Guest Instructor: Dana Cupkova, Assistant Professor, Carnegie Mellon, School of Architecture; Principal, EPIPHYTE Lab

Difference Machines

Workshop Summary

The French writer Raymond Roussel focused on puns and homonyms as mechanisms of transition to redirect his narratives into unpredictable spatial and temporal dimensions. He exploited language's potential disconnect between what is said and what is written. Through the act of 'zooming in' on certain seemingly insignificant details in a scene, Roussel was able to discover whole new worlds-many of them containing intricately detailed fantastical mechanisms, with which to continue his narrative.

Current imaging technologies allow us to construct infinitely scalable image worlds of seemingly limitless resolution, reframing surface as a question of transition and fidelity instead of boundary. Zooming in or zooming out of these high resolution image worlds enables us to virtually fulfill our ongoing love for 'space travel' suggested historically by such films as The Eames' "Power of Ten" and contemporaneously by Google Earth, Google Street View and Google Interior's interlinked image worlds. Still, (fortunately), technical limitations require transitions between various scales and modes of representation that must be hidden to give the illusion of seamlessness motion.

In this workshop we will make Difference Machines, transition devices that mediate between visualization technologies while interrogating this two sidedness of the image world.

Guest Instructor: John Zissovici, Cornell University, AAP

Differentiation Through Contemplation

Workshop Summary

As digital communication and social media become ubiquitous in our modern lives, we increasingly live with a scarcity of spaces for reflection and contemplation in the build environment. Quiet, safe, solitary, analog, places (the hammock on the porch, the breakfast nook, the attic dormer window seat, the backyard apple tree, et al.) where a person could retreat to find psychological space to read, write, to process information, to reflect upon past events, and to imagine the future -- without interruption or distraction -- are rapidly becoming inaccessible to the average urbanite.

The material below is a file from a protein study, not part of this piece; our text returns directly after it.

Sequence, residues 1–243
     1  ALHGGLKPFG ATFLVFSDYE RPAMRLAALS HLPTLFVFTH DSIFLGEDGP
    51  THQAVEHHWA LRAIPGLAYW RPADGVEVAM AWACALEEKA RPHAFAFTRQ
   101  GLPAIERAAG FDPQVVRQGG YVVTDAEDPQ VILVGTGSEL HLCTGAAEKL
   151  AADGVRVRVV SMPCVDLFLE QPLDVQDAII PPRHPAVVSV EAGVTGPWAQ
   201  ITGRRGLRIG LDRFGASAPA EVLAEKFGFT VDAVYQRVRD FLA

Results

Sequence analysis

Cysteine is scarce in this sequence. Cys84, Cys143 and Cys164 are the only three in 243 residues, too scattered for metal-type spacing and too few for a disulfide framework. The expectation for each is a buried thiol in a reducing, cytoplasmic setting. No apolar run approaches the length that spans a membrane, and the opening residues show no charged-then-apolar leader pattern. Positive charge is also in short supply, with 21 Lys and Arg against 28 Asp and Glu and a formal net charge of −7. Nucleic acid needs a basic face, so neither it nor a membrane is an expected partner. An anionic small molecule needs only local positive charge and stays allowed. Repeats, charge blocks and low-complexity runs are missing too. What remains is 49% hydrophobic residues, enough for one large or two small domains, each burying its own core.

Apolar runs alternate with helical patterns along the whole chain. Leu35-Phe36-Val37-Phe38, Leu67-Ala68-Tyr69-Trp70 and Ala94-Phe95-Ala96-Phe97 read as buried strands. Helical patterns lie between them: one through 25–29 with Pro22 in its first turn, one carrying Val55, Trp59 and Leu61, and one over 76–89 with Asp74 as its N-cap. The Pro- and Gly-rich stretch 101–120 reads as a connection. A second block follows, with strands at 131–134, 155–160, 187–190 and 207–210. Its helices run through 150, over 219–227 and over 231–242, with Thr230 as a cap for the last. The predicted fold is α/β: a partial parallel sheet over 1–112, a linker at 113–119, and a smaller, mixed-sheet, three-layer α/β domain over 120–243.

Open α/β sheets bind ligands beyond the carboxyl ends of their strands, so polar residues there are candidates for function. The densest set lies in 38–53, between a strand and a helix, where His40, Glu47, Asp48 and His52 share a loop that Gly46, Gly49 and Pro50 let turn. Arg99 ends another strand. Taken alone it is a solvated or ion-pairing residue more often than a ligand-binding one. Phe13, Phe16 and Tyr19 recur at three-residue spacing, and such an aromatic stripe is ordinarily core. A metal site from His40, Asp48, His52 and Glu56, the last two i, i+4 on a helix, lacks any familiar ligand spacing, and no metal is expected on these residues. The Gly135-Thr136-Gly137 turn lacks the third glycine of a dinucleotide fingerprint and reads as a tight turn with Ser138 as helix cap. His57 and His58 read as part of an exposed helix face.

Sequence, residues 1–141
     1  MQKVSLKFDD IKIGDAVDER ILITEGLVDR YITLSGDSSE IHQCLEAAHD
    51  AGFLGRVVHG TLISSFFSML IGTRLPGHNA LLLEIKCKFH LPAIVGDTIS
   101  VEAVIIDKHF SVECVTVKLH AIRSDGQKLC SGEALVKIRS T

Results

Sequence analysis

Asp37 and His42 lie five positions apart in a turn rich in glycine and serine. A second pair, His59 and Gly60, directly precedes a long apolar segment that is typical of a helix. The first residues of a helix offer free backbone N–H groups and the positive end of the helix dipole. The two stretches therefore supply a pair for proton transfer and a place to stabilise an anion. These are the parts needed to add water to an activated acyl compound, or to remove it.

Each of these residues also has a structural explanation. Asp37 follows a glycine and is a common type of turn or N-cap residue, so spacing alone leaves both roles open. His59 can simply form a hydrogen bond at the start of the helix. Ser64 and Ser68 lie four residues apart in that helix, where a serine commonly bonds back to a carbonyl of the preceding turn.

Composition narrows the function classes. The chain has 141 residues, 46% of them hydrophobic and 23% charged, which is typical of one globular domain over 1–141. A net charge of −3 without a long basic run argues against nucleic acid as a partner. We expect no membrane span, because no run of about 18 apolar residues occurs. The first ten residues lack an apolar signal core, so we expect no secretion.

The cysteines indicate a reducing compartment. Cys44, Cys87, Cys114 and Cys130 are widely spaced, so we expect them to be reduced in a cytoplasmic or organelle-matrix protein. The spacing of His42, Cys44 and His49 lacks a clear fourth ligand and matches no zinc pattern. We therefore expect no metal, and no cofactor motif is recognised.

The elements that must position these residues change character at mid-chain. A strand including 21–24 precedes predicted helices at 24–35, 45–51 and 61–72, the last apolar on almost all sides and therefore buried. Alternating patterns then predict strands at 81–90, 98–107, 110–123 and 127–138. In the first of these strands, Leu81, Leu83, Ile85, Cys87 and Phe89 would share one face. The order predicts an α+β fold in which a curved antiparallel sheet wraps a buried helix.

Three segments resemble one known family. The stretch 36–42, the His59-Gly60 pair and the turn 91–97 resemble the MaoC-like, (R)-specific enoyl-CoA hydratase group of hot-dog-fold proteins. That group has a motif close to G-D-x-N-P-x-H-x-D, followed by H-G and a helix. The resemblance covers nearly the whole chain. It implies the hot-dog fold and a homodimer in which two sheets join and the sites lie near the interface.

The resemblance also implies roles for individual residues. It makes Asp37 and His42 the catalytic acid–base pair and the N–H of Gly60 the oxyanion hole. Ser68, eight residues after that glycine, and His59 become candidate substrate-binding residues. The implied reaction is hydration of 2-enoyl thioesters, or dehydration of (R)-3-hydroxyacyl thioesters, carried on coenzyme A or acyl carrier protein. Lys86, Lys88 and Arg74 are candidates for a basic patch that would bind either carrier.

This workshop will explore the concept of contemplative space and developing an artistic approach to crafting these spaces.

Guest Instructor: Roger Cummings, Co-Founder, Juxtaposition Arts

Magic, Misdirection, and the Architecture of Influence

Workshop Summary

Perception is the portal  to a complex network of human cognitions that result in what constitutes our reality. Magic works by manipulating these cognitive pathways using limitations in our systems of visual, cognitive, spatial, and temporal awareness to alter the perception of reality and illicit the experience of wonder and astonishment. As such, the principles, methods and effects of magic can be used to persuade and influence human behavior.

Magic, Misdirection and the Architecture of Influence defines the underlying dynamic design structures of influence. From the modern political campaign to contemporary conceptual art, from advertisement to architecture; human actors, as sociopolitical agents and consumers, are intermediated by a contemporary influence practice. This project suggests that language, image, wonder and space, can be more effectively inter-designed to produce desired outcomes in audiences through the integrated use of specific psychological, mnemonic and aesthetic strategies drawn from the methods and principals of performance magic.

Exploring the intersection of architecture and performance magic we find interesting shared qualities. Architecture is produced in accordance with entire sets of methods, theories and practices that remain invisible to the experience of the architectural user. Whether a drawing, building, city plan, or policy, the architectural object occupies a similar realm of secrecy as performance magic - both leverage a form of 'difference' to achieve their desired effects. In simplified terms, magic leverages the difference between performance and perception while architecture leverages the difference between design intension and construction.

Guest Instructor: Richard Merritt, Professor of Art, Luther College